Typically, these finishes are most applicable to steels because of their ability to change the properties of screws made from this low-cost material. Primarily aimed at improving corrosion resistance or changing appearance, the most common include zinc, in various forms, occasionally cadmium, also black japanned, chemical black, chrome, electro brass, copper, stayblack or powder coating. Chromate conversion coatings are often used as part of the plating process to passivate the coated surface which enhances corrosion protection and can add a decorative effect in the cases of zinc & yellow and zinc & black. Using which substrate and which finish can be simplified with experienced advice available from a specialist fastener supplier. Contact us here.

Corona virus update

The present situation is a challenge for all of us and it is interesting to see that many companies are stocking up as a precaution – but also as an act of faith that things will get better soon and in the belief that we will all need stock to get the industrial manufacturing machine back up to speed. Here at Challenge Europe we are looking after our staff and our customers ensuring both personal health and the health of our mutual businesses with safe working practices both internally and for delivery at customer sites. We are pleased that we have been able to make arrangements to ensure continuity of supply and service so that our customers continue to be fully supported while the situation lasts.

Contact us to discuss your fastener requirements at this time.

Challenge Europe machine screws future

Machine Screws represent a technology that is now conventional, so that here at Challenge Europe we believe it is interesting to ask “what is their future?”

We have already seen many developments in drives/head configurations for automated production such as Hex drives and other socket screws, leading on to the more modern Phillips, Pozi and star drives, e.g. TORX, developed with a view to self-centring so that they will sustain torque loadings of automatic drives and with the further aim of being self-aligning when inserted.

We already have in the market an extensive selection of different thread pitches/multiple thread screws – custom screws – many diameters and head styles. Including threads for different materials such as steel, soft metals, plastics, zinc die castings, aluminium castings and so on.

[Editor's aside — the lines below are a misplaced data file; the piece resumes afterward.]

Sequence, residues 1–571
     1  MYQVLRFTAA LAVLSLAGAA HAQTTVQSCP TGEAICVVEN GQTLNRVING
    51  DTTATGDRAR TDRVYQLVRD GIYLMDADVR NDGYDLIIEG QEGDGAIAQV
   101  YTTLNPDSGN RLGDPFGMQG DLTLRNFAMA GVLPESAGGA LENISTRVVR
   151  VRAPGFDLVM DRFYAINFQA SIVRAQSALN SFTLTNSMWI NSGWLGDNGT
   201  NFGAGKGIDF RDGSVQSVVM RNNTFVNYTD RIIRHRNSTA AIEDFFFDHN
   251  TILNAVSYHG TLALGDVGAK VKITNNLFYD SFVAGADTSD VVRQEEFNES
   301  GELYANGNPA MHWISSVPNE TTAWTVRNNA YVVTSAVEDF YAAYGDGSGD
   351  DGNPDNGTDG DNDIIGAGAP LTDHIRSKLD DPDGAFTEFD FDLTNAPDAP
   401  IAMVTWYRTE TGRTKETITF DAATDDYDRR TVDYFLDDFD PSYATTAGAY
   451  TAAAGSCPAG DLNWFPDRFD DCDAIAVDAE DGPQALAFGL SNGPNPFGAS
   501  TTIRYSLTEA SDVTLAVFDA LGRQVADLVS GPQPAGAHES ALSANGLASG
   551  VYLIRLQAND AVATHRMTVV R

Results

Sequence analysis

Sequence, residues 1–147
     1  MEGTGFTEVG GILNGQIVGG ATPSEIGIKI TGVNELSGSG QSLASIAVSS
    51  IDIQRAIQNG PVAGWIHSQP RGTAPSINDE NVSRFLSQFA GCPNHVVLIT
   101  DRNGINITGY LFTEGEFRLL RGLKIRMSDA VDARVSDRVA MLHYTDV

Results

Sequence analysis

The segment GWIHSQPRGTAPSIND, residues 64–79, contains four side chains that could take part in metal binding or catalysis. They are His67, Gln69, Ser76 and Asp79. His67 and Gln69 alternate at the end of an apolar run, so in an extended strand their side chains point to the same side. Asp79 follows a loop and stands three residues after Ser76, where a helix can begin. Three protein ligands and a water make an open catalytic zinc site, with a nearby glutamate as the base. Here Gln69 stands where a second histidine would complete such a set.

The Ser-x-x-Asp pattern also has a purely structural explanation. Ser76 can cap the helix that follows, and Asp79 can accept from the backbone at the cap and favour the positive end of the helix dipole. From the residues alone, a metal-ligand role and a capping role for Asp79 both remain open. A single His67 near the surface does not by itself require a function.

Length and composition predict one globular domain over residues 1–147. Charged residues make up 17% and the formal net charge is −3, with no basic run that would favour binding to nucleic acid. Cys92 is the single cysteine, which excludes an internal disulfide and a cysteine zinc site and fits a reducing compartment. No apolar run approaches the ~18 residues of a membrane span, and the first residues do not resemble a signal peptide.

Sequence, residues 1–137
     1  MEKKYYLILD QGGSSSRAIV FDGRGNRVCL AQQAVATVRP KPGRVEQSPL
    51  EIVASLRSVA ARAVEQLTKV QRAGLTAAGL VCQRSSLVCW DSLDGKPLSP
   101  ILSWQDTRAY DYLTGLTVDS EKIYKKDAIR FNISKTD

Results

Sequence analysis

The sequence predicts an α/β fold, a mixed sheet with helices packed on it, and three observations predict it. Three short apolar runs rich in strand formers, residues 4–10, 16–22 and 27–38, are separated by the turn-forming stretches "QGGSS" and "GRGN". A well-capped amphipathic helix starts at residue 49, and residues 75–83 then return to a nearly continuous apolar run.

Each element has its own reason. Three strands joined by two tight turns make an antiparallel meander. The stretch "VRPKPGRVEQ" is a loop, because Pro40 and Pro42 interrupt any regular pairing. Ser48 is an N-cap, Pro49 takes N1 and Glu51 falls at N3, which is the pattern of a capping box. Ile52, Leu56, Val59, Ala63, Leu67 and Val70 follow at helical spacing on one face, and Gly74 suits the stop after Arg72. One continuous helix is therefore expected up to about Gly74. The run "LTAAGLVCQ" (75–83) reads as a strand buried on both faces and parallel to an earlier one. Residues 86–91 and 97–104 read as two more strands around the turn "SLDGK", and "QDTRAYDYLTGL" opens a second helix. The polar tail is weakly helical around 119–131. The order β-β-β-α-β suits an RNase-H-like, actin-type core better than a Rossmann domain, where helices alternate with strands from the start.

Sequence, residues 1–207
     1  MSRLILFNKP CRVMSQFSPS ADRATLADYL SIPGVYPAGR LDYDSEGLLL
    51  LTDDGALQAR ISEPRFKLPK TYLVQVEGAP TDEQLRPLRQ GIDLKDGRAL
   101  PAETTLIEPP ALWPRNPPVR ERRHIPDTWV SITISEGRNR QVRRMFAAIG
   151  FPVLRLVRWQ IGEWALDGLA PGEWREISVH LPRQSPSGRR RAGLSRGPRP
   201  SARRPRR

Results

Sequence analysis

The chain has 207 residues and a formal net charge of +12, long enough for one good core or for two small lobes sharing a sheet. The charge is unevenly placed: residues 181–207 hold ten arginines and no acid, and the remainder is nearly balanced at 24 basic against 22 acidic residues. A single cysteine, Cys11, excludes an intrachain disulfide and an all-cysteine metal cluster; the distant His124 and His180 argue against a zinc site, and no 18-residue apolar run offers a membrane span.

More sophisticated driver forms can now be readily produced with advanced production machinery, leading to a great variety of head forms for differing purposes, e.g. wafer heads – thin and large diameter to spread the load over the substrate, which may be a thin sheet or soft material.

Other common forms include Narrow/small dia heads for confined spaces, Dome heads for aesthetics, Countersunk heads for smooth surfaces, Vandal-resistant heads for security, Integral washers, Pre-assembled sealing washers, Load spreading heads and Anti-vibration, e.g. serrated flanges.

A major trend in recent years has been the “right to repair” movement, from the USA to Scandinavia and  is something that the fastener industry has supported, perhaps inadvertently, throughout the industrial revolution to the present day. Mechanical fixings have always inherently provided the option to disassemble and repair as opposed to bonded assemblies which are virtually unrepairable.

Mechanical fasteners in one form or another have been in existence almost from the cave man days as a system that is available at low cost to anyone with only simple tools. Latterly developments have enabled them to be used successfully in most types of assembly environments and at the same time satisfy the requirements of safety, quality and cost. They continue to be a simple solution to assembly problems providing a system of positive connection with low risk, which can be easily disassembled. They have no thickness limitation, are not environmentally sensitive and provide through-thickness reinforcement, with low sensitivity to peel stresses and have no major residual stress problems.